Americans for Financial Reform is a nonpartisan, nonprofit coalition working to lay the foundation for a strong, stable, and ethical financial system.

Letters to the Regulators: Letter in Support of Revisions to OMB Guidance for Grants and Agreements

The Americans for Financial Reform Education Fund (AFREF), the Institute for Policy Studies, Jobs to Move America, Communications Workers of America, United for Respect, and Take on Wall Street wrote a comment letter to the Office of Management and Budget (OMB) to recommend it be made explicit – in guidance accompanying the final rule – that local and state officials may take responsible action to consider stock buyback expenditures, exorbitant CEO pay, and private equity-driven leveraged buyouts and drastic cost-cutting when awarding federal funds.

SEC Building

News Release: SEC Must Stand Up to Industry Attacks and Re-Propose Buybacks Rule

The Securities and Exchange Commission should re-propose its rule on disclosures of stock buybacks as soon as possible now that the unreasonably tight deadline for a court-mandated revision of the rule has passed. The Fifth Circuit Court of Appeals, alleging “defects” in a rule designed to bring transparency to stock buybacks, gave the SEC 30 days to revise the rule – an impossibly short time frame it then refused to extend upon the SEC’s request. The ruling came in response to a lawsuit by the Chamber of Commerce.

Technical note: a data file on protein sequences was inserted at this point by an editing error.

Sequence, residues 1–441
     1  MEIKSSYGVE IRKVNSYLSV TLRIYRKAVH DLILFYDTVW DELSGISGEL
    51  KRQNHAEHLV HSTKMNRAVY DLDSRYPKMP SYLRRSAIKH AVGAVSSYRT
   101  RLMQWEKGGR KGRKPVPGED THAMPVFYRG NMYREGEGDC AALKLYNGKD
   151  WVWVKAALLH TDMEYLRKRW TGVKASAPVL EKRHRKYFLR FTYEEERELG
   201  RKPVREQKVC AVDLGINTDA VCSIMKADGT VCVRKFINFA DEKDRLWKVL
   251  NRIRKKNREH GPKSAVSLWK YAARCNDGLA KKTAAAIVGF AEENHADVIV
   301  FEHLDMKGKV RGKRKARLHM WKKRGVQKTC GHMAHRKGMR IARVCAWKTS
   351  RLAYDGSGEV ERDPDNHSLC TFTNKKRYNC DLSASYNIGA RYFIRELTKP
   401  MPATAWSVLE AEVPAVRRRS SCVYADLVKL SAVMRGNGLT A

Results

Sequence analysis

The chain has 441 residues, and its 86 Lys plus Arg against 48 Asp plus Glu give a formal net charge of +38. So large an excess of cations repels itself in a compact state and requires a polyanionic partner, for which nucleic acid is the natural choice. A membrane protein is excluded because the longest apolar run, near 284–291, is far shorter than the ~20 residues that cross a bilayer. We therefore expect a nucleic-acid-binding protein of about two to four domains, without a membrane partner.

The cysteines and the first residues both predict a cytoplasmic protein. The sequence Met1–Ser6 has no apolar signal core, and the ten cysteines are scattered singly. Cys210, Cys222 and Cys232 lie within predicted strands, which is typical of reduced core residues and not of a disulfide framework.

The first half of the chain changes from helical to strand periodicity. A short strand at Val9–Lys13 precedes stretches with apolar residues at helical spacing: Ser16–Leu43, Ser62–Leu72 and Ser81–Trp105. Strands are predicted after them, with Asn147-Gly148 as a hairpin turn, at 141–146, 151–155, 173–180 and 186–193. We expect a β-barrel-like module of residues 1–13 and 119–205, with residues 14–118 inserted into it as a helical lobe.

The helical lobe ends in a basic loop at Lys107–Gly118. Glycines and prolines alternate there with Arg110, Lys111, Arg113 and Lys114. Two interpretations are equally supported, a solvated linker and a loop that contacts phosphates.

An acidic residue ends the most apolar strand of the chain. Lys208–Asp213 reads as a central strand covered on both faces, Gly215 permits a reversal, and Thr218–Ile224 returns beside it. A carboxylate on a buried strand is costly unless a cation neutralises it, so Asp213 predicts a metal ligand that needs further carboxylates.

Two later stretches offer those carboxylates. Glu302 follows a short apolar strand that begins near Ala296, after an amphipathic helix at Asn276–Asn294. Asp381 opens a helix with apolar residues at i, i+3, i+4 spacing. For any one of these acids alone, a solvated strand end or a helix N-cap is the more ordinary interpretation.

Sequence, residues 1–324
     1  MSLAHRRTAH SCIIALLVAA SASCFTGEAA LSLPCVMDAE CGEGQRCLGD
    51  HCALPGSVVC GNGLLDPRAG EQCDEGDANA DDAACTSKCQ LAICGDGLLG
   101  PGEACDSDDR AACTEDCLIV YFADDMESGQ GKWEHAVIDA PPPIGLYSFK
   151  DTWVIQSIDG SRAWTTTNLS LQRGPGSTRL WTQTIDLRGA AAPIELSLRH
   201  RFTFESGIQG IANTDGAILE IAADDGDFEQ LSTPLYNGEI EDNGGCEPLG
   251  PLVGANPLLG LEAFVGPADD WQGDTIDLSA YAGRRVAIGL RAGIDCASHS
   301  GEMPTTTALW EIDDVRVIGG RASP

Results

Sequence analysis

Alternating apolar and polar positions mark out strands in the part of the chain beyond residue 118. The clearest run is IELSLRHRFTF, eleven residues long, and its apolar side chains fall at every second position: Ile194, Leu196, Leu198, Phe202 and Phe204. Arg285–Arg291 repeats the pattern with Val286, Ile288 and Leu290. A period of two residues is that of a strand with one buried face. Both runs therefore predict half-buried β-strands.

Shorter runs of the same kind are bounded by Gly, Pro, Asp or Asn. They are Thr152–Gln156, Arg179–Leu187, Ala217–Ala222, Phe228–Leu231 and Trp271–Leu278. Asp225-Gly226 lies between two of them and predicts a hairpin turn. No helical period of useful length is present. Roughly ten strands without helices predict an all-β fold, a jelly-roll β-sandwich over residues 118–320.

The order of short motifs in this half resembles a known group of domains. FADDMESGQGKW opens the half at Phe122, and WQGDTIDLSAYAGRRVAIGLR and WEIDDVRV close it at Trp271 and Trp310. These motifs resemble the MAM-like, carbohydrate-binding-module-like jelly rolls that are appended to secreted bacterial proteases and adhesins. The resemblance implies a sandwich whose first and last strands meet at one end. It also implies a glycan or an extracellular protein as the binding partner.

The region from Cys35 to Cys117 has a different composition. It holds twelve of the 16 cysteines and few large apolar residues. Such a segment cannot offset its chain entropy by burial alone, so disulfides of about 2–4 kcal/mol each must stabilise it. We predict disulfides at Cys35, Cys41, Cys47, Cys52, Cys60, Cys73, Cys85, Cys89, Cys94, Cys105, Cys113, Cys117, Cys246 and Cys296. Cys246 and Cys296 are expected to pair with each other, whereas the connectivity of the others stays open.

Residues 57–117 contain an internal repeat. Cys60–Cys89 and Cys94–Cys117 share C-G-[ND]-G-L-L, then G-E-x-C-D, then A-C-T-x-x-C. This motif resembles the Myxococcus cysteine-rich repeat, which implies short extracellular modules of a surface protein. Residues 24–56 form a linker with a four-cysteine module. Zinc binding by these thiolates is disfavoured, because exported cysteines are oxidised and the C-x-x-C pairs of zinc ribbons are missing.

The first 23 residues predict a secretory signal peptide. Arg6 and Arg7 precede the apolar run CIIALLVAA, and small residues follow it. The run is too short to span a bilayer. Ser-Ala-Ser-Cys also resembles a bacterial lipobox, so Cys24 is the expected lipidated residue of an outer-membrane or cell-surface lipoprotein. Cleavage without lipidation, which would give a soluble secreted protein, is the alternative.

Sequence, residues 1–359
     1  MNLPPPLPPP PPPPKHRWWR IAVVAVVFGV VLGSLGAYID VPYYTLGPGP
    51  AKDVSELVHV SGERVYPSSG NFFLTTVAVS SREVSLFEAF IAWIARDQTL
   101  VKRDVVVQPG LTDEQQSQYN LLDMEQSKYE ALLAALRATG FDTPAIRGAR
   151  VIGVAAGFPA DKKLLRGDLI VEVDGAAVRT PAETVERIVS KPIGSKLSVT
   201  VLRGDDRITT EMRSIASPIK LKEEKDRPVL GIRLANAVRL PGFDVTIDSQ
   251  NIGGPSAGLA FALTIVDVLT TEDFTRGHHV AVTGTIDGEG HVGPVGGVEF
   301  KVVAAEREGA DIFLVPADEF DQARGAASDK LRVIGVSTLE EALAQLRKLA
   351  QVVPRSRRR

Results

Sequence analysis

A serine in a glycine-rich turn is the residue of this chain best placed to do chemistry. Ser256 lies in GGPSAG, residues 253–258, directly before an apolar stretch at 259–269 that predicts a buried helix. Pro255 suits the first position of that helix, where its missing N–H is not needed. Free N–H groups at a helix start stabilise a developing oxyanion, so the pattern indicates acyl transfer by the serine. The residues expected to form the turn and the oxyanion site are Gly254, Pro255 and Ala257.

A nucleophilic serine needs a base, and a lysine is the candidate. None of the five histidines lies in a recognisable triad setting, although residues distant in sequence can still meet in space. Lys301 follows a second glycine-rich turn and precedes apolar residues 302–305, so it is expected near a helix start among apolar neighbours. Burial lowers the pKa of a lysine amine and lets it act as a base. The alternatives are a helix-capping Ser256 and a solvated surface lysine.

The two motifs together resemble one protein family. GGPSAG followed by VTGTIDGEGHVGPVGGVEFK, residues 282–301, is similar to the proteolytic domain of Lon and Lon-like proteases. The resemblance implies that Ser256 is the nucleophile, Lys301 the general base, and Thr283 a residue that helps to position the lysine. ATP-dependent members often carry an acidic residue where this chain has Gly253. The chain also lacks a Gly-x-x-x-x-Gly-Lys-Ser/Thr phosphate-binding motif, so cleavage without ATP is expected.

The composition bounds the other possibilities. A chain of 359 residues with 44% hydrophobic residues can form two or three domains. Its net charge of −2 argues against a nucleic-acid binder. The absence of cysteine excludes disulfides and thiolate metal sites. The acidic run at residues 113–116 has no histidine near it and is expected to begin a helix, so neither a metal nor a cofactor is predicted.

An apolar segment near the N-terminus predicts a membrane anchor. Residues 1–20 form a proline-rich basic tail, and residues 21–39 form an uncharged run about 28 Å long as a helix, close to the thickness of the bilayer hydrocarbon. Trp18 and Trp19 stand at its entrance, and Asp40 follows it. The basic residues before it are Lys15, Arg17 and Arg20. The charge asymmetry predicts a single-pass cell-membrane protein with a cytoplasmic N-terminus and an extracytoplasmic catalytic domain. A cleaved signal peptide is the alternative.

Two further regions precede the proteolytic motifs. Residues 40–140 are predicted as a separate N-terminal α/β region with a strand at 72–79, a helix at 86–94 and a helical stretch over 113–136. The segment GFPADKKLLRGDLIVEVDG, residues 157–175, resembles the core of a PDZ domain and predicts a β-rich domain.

Letters and Statements: OMB Should Approve Climate Data Call to Equip FIO and Other Financial Regulators with Information on How Climate Change is Affecting Homeowners Insurance Coverage

Americans for Financial Reform Education Fund submitted a comment letter to the Office of Management and Budget (OMB) for its approval, without delay, of the Department of the Treasury’s Federal Insurance Office (FIO) final proposed “Climate-Related Financial Risk Data Collection for U.S. Homeowners Multi-Peril Underwriting

A Wall Street street sign

Blog Post: Wall Street Throws the Kitchen Sink at Bank Capital Proposals

We should be clear about the motives of the banks’ strong opposition to the bank capital proposals released by federal regulators on July 27. The proposals will make it harder for bank executives to pursue riskier short-term financial gains and mobilize capital for their own benefit by paying excessive dividends and buying back shares. It is that simple, and any debate that does not include this fact is disingenuous.